There are several problems we see repeatedly. Because of the challenge in retaining engineers, a lack of continuity in code quality is an issue. This isn’t saying the company developing embedded software is poor at doing it, it often means they have a lack of standards and best practices. This issue leads to very costly corrections and re-engineering to fix problems that should not have surfaced in the first place.


Test quality, traceability and testing strategies are vitally important in ensuring long-term cost-effective engineering processes. Having field devices fail is damaging for reputation and expensive to put right.



Challenge #4 – In Testing We Trust


One final problem is often a device manufacturer will use a third party to develop embedded software. The reason is often they either do not have the expertise or bandwidth for this kind of engineering themselves.


Therefore, trust is an important factor in terms of ensuring the embedded software is reliable and that the testing regime is bulletproof. Unfortunately, this isn’t always the case. There are some great companies out there, but transversely there are a lot of companies whose job it is to churn out code and meet basic requirements with minimal regard for the code quality.


Ultimately, embedded software development needs to incorporate sound testing to ensure the reliability and security of devices. However, this inevitably raises the perennial issue of cost, which in turn means specialist knowledge and a clear strategy is required to make sure money isn’t being wasted.



The Solution – Partner Up


As we’ve seen, embedded software development naturally involves a number of challenges – in terms of training, quality control to ensure the product is safe, and even the general lack of embedded software developers out there.


How best can businesses develop their competencies when it comes to embedded software development? That’s where having a good partner comes in. An effective partner organisation can offer their expertise on embedded software development, identifying areas where greater resourcing may be needed and supplying their own engineers when required, ultimately taking the pressure off at critical points in the development journey. Not only that, having a partner can also reduce development costs. All in all, it’s a win-win situation!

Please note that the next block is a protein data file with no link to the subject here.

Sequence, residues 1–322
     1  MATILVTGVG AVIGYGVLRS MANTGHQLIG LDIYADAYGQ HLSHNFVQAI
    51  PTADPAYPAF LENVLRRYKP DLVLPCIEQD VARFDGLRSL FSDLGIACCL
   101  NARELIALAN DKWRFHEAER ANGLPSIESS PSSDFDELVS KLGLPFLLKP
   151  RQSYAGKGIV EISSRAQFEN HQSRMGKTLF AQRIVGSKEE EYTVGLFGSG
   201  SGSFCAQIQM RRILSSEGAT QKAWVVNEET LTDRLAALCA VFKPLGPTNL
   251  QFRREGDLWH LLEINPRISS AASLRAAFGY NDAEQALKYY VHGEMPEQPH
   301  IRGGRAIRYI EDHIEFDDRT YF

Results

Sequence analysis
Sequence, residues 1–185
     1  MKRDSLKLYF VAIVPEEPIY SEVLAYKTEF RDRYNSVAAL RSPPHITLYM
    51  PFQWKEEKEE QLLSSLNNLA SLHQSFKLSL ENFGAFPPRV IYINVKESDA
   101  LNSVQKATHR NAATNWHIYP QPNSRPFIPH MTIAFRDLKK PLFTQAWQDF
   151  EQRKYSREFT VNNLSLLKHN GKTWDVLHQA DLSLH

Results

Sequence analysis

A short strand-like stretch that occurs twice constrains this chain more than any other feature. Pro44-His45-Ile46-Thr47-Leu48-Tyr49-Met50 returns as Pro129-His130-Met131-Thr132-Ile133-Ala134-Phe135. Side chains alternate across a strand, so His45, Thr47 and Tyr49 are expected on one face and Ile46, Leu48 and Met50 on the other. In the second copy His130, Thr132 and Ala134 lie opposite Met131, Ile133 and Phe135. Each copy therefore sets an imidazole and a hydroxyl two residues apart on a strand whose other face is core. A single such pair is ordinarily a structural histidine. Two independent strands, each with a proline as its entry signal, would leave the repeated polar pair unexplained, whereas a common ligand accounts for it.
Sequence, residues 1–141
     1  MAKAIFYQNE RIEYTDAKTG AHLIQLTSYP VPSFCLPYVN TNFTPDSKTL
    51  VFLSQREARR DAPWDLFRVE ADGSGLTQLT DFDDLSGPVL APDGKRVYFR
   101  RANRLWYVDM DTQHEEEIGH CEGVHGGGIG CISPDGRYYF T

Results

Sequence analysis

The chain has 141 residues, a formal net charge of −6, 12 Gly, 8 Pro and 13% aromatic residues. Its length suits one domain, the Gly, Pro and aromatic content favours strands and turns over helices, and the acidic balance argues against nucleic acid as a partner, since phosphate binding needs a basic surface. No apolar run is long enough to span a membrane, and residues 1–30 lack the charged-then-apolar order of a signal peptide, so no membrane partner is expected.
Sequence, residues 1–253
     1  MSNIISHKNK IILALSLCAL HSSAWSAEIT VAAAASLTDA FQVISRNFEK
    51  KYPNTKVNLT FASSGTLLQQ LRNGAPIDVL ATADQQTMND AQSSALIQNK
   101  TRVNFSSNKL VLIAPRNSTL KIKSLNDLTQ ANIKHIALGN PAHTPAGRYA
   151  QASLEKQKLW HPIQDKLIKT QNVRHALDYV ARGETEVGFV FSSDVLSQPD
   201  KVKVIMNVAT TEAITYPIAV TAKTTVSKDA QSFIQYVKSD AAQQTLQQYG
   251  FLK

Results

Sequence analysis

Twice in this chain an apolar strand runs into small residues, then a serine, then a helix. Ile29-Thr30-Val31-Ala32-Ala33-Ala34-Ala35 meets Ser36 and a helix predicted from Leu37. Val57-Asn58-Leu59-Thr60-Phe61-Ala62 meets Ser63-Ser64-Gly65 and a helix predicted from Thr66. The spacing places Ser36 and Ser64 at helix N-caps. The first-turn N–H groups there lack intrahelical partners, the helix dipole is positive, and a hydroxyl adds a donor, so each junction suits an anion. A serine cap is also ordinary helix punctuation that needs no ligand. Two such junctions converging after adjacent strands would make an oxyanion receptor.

But with all of that in mind, what makes a good partner in embedded software development? They need expertise in developing and testing software, experience in working with and to customers’ requirements and timescales, and the resources to carry out projects successfully.



How Can We Help You?


At Critical Software, it’s important that both ourselves and our customers can maintain a broad skill set. We provide a holistic service and support, not just the scoping, development and testing of embedded software, but also help with analysing and improving existing embedded software.


We also teach embedded software development in our business and we encourage our engineers to make use of our FIKALAB, a research lab where a plethora of microdevices and sensors from all over the world are available for them to play with, learn from, and create meaningful products and solutions! This means they gain a practical understanding of devices and how to program them to provide long term stability and reliability in microdevices.


As embedded software continues to evolve, its potential to reshape whole industries is becoming more apparent. With an experienced partner in tow, the future has never looked so bright…


By Matt Dillane

Business Development Manager for Smart Technology Solutions

Tags
Embedded Software Development
Energy